Tephrostratigraphy and paleoenvironments of the late Quaternary in eastern Beringia

  • Author / Creator
    Jensen, Britta J.L.
  • In this dissertation, tephrostratigraphy is used as the central method to address issues of chronology in the late Quaternary sedimentary record of eastern Beringia (non-glaciated Yukon and Alaska) at a variety of spatial and temporal scales. The Palisades, central Alaska, preserves paleoenvironmental records thought to span, with major unconformities, the Holocene to early Pleistocene (~2 Ma). Two paleomagnetic transects of normal polarity and tephrostratigraphic data show the Palisades are Middle to Late Pleistocene in age, with no major unconformities. Of 19 tephra beds identified, nine are Middle Pleistocene beds known from other sites. The Variegated (VT) tephra has a known distribution second only to the Old Crow tephra. Reference samples from Fairbanks, Alaska, are correlated by glass major and trace-element geochemistry, Fe-Ti oxide geochemistry, stratigraphy, and age data to eight other sites in eastern Beringia. A new infrared stimulated luminescence age of 106 ± 10 ka, stratigraphy, paleoenvironmental data, and independent ages from other sites place VT within Marine Isotope Stage (MIS) 5, likely MIS 5d. Halfway House, an exposure of primary loess west of Fairbanks, is one of the most studied exposures in Alaska, but has little chronologic control. A new tephrostratigraphic framework shows Halfway House contains a relatively complete MIS 6 to Holocene record, dated by the Old Crow (124 ± 10 ka), VT (106 ± 10 ka), Sheep Creek-Klondike (ca. 80 ka), Dominion Creek (77 ± 8 ka) and Dawson (ca. 30 cal ka BP) tephra beds. The Skalamælifell/post-Blake paleomagnetic excursion (94.1 ± 7.8 ka) provides independent age control, and adds to the increasing body of evidence that III Alaskan loess can record subtle variations in the Earth’s geomagnetic field. This framework places high-resolution magnetic susceptibility profiles into context and shows loess accumulation is highly variable, casting doubt on the validity of correlating Alaskan susceptibility records to global δ18O curves. The Alaskan White River Ash, eastern lobe (WRe; ~AD 840), is correlated to the European cryptotephra known as AD 860B. This correlation means WRe is present in northeastern Pacific marine cores, across the North American continent, in the NGRIP ice core from Greenland, and northern Europe.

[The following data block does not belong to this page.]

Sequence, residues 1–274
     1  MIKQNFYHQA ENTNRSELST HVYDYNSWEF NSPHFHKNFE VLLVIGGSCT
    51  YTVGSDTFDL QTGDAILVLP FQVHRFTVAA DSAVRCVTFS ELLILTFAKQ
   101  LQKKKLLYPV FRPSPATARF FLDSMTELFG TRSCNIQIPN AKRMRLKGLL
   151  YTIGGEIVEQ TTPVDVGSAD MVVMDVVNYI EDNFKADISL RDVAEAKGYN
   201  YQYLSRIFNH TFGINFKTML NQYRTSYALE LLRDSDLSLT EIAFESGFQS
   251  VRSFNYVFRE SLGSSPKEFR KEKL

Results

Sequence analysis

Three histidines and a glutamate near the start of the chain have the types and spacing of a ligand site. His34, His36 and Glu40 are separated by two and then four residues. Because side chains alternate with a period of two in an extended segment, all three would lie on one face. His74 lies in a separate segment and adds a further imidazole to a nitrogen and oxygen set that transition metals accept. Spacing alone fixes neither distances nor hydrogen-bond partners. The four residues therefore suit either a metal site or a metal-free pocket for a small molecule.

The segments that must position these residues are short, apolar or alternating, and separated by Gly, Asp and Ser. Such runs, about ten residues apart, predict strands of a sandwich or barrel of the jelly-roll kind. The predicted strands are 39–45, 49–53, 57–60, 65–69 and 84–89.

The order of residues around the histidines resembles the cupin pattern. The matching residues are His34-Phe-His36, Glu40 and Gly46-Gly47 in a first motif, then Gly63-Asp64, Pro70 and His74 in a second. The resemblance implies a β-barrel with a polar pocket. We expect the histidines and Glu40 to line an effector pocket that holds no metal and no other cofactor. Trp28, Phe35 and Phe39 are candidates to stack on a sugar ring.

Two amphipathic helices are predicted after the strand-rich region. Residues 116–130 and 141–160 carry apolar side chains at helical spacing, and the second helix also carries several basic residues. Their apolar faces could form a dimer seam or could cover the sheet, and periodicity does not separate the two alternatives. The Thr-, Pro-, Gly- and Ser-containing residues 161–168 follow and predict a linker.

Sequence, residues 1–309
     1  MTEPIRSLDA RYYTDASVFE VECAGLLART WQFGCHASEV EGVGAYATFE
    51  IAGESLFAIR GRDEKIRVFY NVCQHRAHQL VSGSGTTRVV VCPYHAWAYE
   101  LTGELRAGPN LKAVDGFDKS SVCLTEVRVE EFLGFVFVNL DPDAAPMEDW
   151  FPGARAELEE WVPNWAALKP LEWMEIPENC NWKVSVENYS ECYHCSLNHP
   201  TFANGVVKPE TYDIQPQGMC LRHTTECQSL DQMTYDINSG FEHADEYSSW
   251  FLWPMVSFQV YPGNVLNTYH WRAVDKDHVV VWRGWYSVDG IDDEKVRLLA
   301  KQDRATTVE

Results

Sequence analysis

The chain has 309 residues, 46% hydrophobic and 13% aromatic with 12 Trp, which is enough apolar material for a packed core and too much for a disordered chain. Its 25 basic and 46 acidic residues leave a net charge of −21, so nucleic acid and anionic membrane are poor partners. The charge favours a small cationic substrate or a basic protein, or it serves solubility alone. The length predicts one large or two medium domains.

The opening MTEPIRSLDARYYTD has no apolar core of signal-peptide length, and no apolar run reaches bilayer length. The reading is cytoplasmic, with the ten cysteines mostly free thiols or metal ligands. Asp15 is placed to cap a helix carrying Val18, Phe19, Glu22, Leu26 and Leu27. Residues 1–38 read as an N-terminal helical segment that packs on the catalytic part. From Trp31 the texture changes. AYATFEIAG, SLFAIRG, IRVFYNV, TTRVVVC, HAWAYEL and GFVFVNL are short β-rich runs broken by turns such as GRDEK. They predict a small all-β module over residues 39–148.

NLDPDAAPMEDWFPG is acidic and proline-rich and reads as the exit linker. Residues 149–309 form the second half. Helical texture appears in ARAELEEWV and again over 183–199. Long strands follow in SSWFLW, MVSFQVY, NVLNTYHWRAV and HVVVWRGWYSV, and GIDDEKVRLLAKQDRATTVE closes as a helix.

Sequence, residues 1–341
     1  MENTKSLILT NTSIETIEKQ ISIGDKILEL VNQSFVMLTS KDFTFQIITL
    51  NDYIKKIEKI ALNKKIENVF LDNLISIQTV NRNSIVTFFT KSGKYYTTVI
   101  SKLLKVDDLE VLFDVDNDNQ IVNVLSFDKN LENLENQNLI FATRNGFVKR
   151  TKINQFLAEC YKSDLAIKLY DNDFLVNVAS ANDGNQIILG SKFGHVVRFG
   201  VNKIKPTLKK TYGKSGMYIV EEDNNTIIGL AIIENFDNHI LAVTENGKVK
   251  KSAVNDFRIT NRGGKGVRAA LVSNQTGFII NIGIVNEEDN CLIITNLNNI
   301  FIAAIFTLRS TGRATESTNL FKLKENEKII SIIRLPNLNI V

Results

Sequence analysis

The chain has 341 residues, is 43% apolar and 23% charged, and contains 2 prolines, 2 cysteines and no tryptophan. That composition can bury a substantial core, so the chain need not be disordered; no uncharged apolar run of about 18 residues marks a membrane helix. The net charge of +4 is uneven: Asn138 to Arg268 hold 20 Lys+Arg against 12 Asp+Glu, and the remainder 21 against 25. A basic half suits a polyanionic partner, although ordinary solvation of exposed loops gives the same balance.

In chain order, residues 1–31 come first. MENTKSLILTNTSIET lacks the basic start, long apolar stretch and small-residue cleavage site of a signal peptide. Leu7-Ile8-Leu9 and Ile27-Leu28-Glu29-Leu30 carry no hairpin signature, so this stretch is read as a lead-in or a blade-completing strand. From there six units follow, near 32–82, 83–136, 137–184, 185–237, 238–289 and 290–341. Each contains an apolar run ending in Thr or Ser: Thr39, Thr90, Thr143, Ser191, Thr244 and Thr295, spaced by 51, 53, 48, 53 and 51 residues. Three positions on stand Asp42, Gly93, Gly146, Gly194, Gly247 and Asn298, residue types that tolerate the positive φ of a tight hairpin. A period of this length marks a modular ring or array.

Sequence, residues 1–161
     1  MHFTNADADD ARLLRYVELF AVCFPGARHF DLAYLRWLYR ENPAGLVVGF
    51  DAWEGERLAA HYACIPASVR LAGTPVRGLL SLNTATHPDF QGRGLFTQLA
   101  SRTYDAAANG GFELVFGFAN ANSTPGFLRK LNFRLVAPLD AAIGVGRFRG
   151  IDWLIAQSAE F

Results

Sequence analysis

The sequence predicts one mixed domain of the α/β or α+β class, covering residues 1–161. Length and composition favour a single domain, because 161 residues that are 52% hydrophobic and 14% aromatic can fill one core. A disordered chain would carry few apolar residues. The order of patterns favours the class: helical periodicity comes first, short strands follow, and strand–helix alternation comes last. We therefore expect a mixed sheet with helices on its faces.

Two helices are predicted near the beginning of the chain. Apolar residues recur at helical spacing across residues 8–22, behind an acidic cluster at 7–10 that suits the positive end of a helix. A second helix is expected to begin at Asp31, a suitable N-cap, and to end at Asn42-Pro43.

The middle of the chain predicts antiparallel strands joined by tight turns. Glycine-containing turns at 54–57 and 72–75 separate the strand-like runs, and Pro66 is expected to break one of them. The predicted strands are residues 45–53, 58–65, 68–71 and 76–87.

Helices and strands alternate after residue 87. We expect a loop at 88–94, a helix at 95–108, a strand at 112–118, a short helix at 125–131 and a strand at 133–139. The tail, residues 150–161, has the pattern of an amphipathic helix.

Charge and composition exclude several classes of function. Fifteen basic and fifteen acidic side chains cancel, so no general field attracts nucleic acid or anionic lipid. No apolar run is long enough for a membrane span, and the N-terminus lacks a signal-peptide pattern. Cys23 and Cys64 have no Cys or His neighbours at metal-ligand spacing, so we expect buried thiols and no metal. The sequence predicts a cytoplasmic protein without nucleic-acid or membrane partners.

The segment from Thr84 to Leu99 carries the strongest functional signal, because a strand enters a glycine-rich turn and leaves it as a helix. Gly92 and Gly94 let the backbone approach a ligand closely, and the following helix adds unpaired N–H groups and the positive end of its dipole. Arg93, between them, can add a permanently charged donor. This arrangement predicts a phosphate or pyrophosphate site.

• Subjects / Keywords
  • Graduation date
    Spring 2013
  • Type of Item
  • Degree
    Doctor of Philosophy
  • DOI
  • License
    This thesis is made available by the University of Alberta Libraries with permission of the copyright owner solely for non-commercial purposes. This thesis, or any portion thereof, may not otherwise be copied or reproduced without the written consent of the copyright owner, except to the extent permitted by Canadian copyright law.